long newLength = valuesLength + (valuesLength >> 1);
                        if (newLength > Integer.MAX_VALUE) {
                                newLength = Integer.MAX_VALUE;
                        } else if (newLength

And in Rubinius:

def push(*args)

        return self if args.empty?

        concat args

Comment: Re:Perl 6ers just can't get shit done. (Score 1) 283

by Wdomburg (#47329021) Attached to: Perl Is Undead

Ruby 1.8, which was superseded in 2009 and completely discontinued in 2013.

The majority of the standard library is written in Ruby. The handful of extensions typically have native Java versions under JRuby (and I believe in Ruby under Rubinus).

It may not be "wrong", but it is significantly incomplete. The language has multiple first class implementations, in multiple languages. But the broader point was not the implementation language (which I point out is C in several examples) but other languages in the same class are not interpreters in the classic sense. They are almost universally virtual machines, either from the beginning (like python) or at some point in their evolution (like Ruby, TCL, PHP, etc).

Comment: Re:Perl 6ers just can't get shit done. (Score 2) 283

by Wdomburg (#47306893) Attached to: Perl Is Undead

- Perl 5 and earlier: An interpreter written in C.

Not exactly. The interpreter compiles the source files into a bytecode and executes it on a stack-based virtual machine: ahref=>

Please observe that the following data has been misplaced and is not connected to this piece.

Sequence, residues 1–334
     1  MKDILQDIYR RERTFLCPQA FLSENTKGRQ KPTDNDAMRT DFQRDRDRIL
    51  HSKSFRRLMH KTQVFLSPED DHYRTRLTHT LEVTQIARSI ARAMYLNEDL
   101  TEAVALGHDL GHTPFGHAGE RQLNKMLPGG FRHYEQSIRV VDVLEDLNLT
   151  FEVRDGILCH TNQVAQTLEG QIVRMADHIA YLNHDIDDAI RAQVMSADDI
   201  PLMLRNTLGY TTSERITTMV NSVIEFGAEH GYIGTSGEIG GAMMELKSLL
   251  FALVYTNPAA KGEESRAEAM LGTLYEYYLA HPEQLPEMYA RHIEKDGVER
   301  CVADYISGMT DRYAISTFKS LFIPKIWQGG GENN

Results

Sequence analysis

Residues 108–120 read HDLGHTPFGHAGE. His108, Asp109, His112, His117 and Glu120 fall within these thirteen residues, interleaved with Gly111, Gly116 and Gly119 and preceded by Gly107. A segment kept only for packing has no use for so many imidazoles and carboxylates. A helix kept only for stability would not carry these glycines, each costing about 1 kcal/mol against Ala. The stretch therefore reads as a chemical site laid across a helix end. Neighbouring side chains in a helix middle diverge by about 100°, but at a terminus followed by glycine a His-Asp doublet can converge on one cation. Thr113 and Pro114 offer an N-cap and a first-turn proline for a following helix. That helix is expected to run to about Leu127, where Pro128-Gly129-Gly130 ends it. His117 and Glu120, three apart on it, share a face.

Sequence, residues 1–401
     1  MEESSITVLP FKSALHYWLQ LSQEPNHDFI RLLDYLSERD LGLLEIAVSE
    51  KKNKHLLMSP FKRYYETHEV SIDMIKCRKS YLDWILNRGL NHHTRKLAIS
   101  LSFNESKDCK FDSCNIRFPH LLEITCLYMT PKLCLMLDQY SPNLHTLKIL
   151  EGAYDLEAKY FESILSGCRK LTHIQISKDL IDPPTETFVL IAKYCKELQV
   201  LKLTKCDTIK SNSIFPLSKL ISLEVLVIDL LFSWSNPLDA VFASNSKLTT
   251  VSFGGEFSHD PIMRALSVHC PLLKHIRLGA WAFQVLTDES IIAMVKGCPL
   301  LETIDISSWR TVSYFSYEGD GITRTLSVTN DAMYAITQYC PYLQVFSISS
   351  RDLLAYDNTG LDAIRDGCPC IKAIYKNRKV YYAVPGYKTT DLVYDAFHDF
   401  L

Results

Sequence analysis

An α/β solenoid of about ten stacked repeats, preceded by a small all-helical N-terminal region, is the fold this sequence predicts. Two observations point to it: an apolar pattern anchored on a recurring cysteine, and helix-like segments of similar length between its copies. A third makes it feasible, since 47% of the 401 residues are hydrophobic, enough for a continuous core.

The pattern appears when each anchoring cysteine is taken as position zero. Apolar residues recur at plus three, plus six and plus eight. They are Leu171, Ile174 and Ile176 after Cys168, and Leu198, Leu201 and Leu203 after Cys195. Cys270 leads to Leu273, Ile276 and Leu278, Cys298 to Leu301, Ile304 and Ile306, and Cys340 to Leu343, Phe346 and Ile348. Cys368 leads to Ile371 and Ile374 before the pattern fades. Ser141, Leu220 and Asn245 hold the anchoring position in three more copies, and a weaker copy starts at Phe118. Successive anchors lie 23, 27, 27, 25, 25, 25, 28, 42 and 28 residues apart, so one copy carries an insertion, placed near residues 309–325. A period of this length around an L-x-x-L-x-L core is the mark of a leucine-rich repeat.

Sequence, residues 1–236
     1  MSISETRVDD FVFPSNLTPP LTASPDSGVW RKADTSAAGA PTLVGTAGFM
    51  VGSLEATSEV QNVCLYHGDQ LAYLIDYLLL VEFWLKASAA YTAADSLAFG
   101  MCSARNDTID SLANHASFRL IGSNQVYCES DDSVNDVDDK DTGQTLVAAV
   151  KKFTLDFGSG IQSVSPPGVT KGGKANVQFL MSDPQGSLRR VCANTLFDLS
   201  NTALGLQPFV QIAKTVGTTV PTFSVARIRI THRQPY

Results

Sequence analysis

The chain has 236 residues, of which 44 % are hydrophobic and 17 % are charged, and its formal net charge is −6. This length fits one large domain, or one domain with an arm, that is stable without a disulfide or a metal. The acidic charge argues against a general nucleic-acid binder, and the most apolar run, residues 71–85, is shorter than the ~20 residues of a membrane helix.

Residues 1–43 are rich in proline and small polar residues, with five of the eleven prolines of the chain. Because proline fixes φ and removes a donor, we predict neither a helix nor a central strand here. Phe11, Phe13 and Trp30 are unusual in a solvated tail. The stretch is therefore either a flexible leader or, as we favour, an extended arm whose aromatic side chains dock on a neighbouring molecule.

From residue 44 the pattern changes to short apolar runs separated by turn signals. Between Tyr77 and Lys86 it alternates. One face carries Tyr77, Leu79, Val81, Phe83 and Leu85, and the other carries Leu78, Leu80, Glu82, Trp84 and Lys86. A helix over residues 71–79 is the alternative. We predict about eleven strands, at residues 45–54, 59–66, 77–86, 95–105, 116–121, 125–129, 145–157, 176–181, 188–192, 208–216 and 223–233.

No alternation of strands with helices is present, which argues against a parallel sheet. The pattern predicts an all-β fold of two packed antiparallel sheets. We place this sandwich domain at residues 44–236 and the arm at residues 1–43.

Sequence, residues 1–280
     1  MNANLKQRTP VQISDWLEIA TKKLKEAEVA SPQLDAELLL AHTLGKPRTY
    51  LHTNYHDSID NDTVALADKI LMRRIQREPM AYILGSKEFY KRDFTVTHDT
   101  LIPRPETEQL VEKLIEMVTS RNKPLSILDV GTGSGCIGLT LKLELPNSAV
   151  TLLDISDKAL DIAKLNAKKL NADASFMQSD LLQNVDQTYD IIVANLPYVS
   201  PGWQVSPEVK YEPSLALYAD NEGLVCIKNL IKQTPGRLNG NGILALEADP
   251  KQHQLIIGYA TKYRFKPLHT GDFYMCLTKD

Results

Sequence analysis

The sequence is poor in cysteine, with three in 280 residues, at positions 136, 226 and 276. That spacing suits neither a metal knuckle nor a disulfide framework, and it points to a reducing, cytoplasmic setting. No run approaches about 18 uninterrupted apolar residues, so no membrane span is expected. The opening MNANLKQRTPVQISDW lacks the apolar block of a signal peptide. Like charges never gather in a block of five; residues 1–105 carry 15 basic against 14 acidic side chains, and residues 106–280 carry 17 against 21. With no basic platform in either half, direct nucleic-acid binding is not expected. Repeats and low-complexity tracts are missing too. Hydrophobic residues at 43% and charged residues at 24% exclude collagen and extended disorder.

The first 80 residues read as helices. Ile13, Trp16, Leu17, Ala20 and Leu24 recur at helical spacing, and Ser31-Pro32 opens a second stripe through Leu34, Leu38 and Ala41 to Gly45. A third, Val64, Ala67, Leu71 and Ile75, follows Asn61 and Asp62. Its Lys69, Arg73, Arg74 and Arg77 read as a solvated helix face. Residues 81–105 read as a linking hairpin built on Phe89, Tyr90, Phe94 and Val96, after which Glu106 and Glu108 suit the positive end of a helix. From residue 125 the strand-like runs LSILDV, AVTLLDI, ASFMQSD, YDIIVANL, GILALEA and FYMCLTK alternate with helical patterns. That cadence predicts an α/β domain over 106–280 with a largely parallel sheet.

- Python: An interpreter written in C.

A virtual machine in C:

- Ruby: An interpreter written in C.

A virtual machine in C:

Or in C++:

Or against the JVM (which is written in C++):

- Lua: An interpreter written in C.

A virtual machine in C:

- Tcl: An interpreter written in C.

A virtual machine in C:

- PHP: An interpreter written in C.

Hey, you got one. However the they are currently revising the language to make it compatible with adding a JIT later:

And Facebook has their own C++ VM:

- UNIX shells: Interpreters written in C.

Different problem space.

Comment: Re:Java in an IDE (Score 1) 466

by Wdomburg (#47245487) Attached to: Ask Slashdot: Best Rapid Development Language To Learn Today?

I'll sort of second this. JRuby. Full access to the Java ecosystem, but better aligned with the goal of rapid development.

The beauty part is that you can do your prototyping in a convenient, highly expressive language using the same frameworks you plan on using in production.

Comment: Re:So CentOS will be out in 2016? (Score 1) 231

by Wdomburg (#47212755) Attached to: Red Hat Enterprise Linux 7 Released

Red Hat does the same thing. They provide ABI compatibility for major components (e.g. libc) two major releases back. For example, an application released against RHEL5 (first released in 2007) will continue to be supported until RHEL7 falls out of support in 2027.

Likewise, AIX does the same as Red Hat. Any given release of AIX is supported well past the release date of its successor. So even though AIX 7 became available in 2010, AIX 6 is still supported and AIX 5.3 was supported until 2012.

Ultimately ABI compatibility is a secondary concern for large scale and long running deployments. The question isn't whether an application will still work after an upgrade; it's why you should upgrade a working system in the first place.

If at first you don't succeed, you must be a programmer.